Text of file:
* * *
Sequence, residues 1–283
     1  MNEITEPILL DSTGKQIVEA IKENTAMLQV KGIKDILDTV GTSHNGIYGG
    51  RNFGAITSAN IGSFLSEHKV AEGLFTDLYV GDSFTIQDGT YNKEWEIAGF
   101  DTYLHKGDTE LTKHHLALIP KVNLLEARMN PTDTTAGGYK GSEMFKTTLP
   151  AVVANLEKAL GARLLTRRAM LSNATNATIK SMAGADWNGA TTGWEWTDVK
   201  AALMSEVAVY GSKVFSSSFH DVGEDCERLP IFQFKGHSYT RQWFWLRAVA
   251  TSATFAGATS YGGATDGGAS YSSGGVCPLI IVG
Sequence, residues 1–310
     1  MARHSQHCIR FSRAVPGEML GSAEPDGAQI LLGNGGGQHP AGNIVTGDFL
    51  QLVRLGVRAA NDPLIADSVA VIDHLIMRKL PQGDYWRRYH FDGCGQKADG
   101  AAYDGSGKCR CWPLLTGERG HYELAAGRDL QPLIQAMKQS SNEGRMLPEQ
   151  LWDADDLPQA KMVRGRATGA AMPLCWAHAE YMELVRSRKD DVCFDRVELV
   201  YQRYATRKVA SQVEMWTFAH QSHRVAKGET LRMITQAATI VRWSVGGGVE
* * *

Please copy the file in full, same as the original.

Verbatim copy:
Sequence, residues 1–283
     1  MNEITEPILL DSTGKQIVEA IKENTAMLQV KGIKDILDTV GTSHNGIYGG
    51  RNFGAITSAN IGSFLSEHKV AEGLFTDLYV GDSFTIQDGT YNKEWEIAGF
   101  DTYLHKGDTE LTKHHLALIP KVNLLEARMN PTDTTAGGYK GSEMFKTTLP
   151  AVVANLEKAL GARLLTRRAM LSNATNATIK SMAGADWNGA TTGWEWTDVK
   201  AALMSEVAVY GSKVFSSSFH DVGEDCERLP IFQFKGHSYT RQWFWLRAVA
   251  TSATFAGATS YGGATDGGAS YSSGGVCPLI IVG
Sequence, residues 1–310
     1  MARHSQHCIR FSRAVPGEML GSAEPDGAQI LLGNGGGQHP AGNIVTGDFL
    51  QLVRLGVRAA NDPLIADSVA VIDHLIMRKL PQGDYWRRYH FDGCGQKADG
   101  AAYDGSGKCR CWPLLTGERG HYELAAGRDL QPLIQAMKQS SNEGRMLPEQ
   151  LWDADDLPQA KMVRGRATGA AMPLCWAHAE YMELVRSRKD DVCFDRVELV
   201  YQRYATRKVA SQVEMWTFAH QSHRVAKGET LRMITQAATI VRWSVGGGVE